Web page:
- Most A-level modules are assessed by exams, though there are a significant number assessed entirely or partly by coursework. Typically students take the two AS module exams at the end of the first year, the two A2 module exams at the end of the second. Individual modules within a subject can be taken on their own (for example, to retake an A level) though with some time limits and restrictions.
- A levels can be taken alongside Pre-U subjects, and students who have done IB or pre-U can transfer to A-level courses if they want more retake options.
- Designed as a two-year course, and assessed by exams at the end of the programme, plus some coursework assessed in school. To be awarded the IB Diploma a student must complete the programme and receive at least 24 points in exams and other assessments (see later section for IB marks)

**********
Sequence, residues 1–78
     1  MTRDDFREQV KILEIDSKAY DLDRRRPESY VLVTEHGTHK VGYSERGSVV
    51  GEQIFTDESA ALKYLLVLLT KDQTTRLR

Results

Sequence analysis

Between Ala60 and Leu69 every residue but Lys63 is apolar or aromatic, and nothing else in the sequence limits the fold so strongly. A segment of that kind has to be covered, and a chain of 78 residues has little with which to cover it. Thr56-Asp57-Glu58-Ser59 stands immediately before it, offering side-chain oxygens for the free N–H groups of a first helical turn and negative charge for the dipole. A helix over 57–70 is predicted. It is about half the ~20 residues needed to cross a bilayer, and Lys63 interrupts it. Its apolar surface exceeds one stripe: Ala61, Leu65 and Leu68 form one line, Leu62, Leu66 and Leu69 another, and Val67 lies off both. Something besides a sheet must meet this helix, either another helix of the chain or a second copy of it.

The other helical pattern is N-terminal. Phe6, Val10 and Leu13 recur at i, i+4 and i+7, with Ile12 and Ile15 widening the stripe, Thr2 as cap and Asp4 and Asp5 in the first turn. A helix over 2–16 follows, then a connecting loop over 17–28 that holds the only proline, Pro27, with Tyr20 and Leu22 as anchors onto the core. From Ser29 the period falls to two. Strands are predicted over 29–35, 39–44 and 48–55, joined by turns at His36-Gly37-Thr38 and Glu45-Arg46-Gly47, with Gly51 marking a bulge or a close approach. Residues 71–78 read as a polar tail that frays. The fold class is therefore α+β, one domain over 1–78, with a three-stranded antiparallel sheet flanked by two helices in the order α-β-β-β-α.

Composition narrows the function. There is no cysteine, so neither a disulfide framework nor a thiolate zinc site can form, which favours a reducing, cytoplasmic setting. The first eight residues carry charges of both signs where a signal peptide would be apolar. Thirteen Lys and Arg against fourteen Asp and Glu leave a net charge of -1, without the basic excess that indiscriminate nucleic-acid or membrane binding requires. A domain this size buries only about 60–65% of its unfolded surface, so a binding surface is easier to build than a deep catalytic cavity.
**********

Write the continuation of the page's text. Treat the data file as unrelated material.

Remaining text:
- The IB is designed as a broad and over-arching programme. Students are required to take six subject-courses and to cover three 'core requirements' which broaden the educational experience and challenge students to apply their knowledge and understanding.
- While IB offers a reasonable range of subjects, choice is restricted because the six subject-courses must include: English (in the UK), a foreign language, a humanities subject ('Individuals and Societies'), a science, maths, an arts subject or an elective (which can be a second language, humanities or science). It is thus not possible to take an all-science or all-arts programme in the IB.